Some of the ISN’s other advances have included experimenting with a new system that could make vaccines far more effective, and helping to develop a fiber-optic laser surgery system that has been used to treat more than 60,000 patients to date. In 2003 it was licensed to a company called OmniGuide.
Joannopoulos says academics are drawn to working with the military because the goal is to develop not incremental advances but game-changers. “People are going to come after me for saying this,” Joannopoulos says, but the Department of Defense “is by far the most flexible and risk-taking when it comes to resources. They’re willing to take a risk and try something—something that might not work out, but is more revolutionary than evolutionary.”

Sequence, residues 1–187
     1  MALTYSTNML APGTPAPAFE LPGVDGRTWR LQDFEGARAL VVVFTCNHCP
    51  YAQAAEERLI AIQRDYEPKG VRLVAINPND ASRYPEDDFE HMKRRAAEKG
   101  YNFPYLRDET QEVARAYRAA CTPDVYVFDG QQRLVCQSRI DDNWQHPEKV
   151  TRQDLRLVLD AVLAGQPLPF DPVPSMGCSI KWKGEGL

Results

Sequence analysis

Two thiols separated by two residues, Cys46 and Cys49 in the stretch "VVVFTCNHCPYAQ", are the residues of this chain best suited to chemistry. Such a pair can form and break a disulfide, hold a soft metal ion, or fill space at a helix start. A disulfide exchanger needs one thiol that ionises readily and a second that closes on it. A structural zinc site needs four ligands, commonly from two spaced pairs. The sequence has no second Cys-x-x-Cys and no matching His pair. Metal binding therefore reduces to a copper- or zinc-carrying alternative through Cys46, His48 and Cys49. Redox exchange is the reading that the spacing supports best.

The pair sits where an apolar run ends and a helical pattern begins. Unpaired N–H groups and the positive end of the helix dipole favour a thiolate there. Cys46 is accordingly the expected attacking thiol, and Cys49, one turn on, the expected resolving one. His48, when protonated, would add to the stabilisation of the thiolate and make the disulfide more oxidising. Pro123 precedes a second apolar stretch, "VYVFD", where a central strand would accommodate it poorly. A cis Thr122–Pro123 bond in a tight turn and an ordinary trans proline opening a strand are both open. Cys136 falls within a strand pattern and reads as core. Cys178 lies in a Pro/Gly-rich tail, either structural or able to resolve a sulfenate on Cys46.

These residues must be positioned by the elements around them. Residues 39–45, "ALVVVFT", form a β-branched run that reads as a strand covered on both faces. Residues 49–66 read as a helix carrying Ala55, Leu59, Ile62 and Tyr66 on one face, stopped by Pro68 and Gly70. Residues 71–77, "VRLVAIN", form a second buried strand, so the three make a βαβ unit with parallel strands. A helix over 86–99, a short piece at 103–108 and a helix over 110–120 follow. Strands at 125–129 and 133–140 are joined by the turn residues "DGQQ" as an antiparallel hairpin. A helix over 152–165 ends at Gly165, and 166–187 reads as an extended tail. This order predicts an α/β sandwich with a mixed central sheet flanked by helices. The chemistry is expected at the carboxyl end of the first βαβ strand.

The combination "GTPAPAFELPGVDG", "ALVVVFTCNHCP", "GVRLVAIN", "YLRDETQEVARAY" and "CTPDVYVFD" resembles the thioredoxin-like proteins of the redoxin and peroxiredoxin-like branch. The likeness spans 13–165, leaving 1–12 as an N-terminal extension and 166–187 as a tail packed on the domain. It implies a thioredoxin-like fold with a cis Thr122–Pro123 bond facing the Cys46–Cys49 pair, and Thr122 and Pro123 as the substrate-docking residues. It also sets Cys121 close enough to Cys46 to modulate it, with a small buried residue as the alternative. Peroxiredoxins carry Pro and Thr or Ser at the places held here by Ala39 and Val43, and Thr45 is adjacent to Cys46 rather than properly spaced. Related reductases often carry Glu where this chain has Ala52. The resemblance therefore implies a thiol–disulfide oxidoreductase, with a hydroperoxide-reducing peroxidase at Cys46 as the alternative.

Like I said, though: Take the federal dollars out of all this military research and development, and the whole thing falls apart. Nobody is more aware of this than the state’s defense contractors. In November, the Globe ran a story, titled “Defense industry closely watching Elizabeth Warren,” that contained some warnings from contractors for the just-elected senator. Christopher Anderson, of the Defense Technology Initiative, was quoted as saying that the “defense technology community in particular is not quite sure of whether she is going to be supportive at the end of the day. She has an obligation to major sectors of the Massachusetts economy that are inextricably linked to the federal government.” The message was clear: Defense firms may have given 30 times more in campaign donations to Warren’s opponent, former Senator Scott Brown, than they did to her, but Warren was going to have to line up behind them anyway, lest she damage the Massachusetts economy.